Loot Box Done Right
Loot boxes are a thing here in Onrush but just like Overwatch, the items gained are merely cosmetic. A smart move considering loot boxes have the spotlight on them these days. The rewards deny any advantage to one person, leaving loot boxes are harmless and even encourage continued play. An incentive to strive for instead of becoming a chore to worry over. It is with great pleasure to announce no real-world currency is needed to obtain loot boxes. Coins are the in-game currency and players will acquire quite a bit throughout their Onrush career. All it takes it to compete in races, complete dailies and meet certain objectives to get coins flowing.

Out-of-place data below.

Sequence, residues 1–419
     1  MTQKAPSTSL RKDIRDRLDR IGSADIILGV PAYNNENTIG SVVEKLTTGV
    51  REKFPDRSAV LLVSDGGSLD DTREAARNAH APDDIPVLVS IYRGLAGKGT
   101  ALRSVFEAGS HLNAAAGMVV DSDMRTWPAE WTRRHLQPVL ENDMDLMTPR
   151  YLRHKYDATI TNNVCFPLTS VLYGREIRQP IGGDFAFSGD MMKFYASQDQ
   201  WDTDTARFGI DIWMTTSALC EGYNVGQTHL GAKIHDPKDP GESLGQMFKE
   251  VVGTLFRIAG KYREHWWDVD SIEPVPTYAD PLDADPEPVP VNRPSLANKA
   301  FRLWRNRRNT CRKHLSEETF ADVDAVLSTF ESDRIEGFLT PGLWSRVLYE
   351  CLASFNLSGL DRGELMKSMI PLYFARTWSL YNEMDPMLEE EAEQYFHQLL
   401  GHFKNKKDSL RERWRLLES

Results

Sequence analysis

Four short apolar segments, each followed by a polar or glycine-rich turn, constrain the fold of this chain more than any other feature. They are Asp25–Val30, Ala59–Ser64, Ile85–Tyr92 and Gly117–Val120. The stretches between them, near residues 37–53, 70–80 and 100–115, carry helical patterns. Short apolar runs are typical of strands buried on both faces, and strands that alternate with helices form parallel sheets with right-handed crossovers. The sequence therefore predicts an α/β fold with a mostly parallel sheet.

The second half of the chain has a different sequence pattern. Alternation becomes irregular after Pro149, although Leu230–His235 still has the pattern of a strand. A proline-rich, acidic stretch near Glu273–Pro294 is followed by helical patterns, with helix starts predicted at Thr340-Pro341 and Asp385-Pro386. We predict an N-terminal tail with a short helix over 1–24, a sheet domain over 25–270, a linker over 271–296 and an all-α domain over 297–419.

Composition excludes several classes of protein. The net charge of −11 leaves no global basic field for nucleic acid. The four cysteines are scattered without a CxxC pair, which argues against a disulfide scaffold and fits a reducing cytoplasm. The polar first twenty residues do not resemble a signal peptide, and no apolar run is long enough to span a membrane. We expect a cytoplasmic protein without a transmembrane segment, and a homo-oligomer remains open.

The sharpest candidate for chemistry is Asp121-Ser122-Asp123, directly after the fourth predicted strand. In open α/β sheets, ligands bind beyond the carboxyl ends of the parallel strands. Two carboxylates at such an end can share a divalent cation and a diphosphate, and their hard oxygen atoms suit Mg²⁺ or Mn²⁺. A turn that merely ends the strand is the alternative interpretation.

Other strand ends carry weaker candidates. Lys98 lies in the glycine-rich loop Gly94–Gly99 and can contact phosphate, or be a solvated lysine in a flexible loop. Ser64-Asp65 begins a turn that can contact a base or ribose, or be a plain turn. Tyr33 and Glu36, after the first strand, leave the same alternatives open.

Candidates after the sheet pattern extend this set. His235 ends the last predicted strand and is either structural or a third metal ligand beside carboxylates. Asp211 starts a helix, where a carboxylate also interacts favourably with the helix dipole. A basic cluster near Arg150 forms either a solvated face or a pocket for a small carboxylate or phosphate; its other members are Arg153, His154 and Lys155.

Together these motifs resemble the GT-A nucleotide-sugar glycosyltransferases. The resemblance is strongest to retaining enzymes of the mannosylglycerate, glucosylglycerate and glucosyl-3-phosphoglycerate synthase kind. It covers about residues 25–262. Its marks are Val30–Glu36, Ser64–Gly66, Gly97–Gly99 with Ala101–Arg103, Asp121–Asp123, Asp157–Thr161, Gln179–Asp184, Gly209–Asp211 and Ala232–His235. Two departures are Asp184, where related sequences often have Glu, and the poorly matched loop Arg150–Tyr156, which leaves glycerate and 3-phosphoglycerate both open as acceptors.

Despite me really loving Onrush, my main concern here ties into the game’s lack of content. Without much going for it outside of the online experience, asking for full price is a big pill to swallow. With some games these days offering so much content for so little, Onrush appears to be the opposite and will definitely deter would-be consumers until a price drop.
All in all, Onrush turns out to be a wonderful and addicting entry into the racing genre. Those who enjoy the thought of competing online and can’t wait to get the squad together, will no doubt find plenty of reasons to stick around. If that doesn’t sound too appealing, do some quick research before making a decision. Either way, I’m hoping to see plenty of content in the nearby future and maybe we’ll start to see more titles of a similar ilk if all goes well. Now get out there and get some takedowns!